A second volume containing 1,180 biographical sketches was published in 1914, a third volume with some 1,130 additional sketches in 1920, and a fourth volume with more than 2,000 shorter sketches in 1936. The Church History Library also possesses several thousand sketches collected or written by Jenson that were not published during his lifetime.
Recognizing that he was doing good for the Church and that the purpose of urging these volumes on the people was to pay for the printing costs, Jenson did not hesitate to use his position and letters of approval from the First Presidency in promoting his books. His Church Chronology, the Historical Record, the various volumes of the Biographical Encyclopedia, and indeed all his publications were published on a subscription basis or in the expectation that he would sell them as he traveled from stake to stake. Some local officials felt they were being pressured into buying or urging others to buy books they could not afford or were not always pleased with. Jenson’s son Harold later wrote of this tendency to attach blame to his father’s promotional activities:
Only one criticism can be made of father’s determination, and that is his over-ambition to accomplish what he thought was for the best good of all. Those who are best acquainted with him know that his activities are not based on selfish motives. He never made money on his books, and anyone who has had anything to do with printing and publishing will realize the hard task he has had to raise the necessary funds to pay for printing and binding. His solicitations sometimes may have been misconstrued by some, but his books will live on to benefit future generations and to be appreciated by those who as subscribers contributed a little towards making the publication of them possible.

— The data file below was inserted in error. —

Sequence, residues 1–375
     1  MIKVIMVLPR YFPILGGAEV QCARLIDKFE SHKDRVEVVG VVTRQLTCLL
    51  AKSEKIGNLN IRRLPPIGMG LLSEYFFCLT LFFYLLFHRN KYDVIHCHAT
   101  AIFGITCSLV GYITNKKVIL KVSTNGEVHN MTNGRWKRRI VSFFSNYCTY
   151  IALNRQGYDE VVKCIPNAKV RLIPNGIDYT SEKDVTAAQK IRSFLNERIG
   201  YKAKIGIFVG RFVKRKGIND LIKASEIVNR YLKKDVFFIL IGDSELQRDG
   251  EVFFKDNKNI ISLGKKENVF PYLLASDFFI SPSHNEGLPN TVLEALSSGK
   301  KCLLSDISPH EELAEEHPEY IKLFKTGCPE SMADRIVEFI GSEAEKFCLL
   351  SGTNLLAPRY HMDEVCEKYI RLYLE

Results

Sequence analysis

Apparently, some local leaders complained to general Church officials about Jenson’s pushiness, and in the October 1900 general conference, Jenson’s name, for whatever reason, was not presented to be sustained as Assistant Church Historian. This continued during the general conferences in April and October 1901. Jenson became depressed and took a “lonely walk into the mountains” north of Salt Lake City, and he “spent some time in secret prayer and private meditations.” He said, “I laid before my Creator the feelings of my heart sincerely and openly and awaited the inspiration of the Holy Spirit.” Jenson received in response—or so he later wrote—a heavenly manifestation assuring him that, despite his zeal, God had not rejected him, that he should be of good cheer, that he had not lost his position in the Church as a historian, and that he need not fear that he would go blind—a frequent anxiety.  Finally, in the April 1902 general conference, his name was once more presented as Assistant Church Historian, a practice that continued until his death in 1941.
Jenson spent the last thirty years of his life following up the various projects he had initiated in the nineteenth century: translations of Mormon scripture and historical works into Danish; revisions and amplifications of Church Chronology; further work on the Journal History of the Church
, manuscript histories of the stakes and missions , and journal histories of various Church enterprises such as the Mormon Battalion, emigration companies, and colonizing missions; further volumes of the Biographical Encyclopedia; and occasional articles in historical periodicals, Church magazines, and newspapers.  His publications included History of the Scandinavian Mission (Salt Lake City, 1927); Autobiography of Andrew Jenson (Salt Lake City, 1938); Encyclopedic History of The Church of Jesus Christ of Latter-day Saints (Salt Lake City, 1941); “Day By Day with the Utah Pioneers,” a series of articles in the Salt Lake Tribune, 1934; and “The Building of Utah and Her Neighbors,” a series of articles in the Deseret News, 1934. He also gave thousands of historical talks in the Tabernacle in Salt Lake City and in Mormon communities and stakes and missions throughout the world.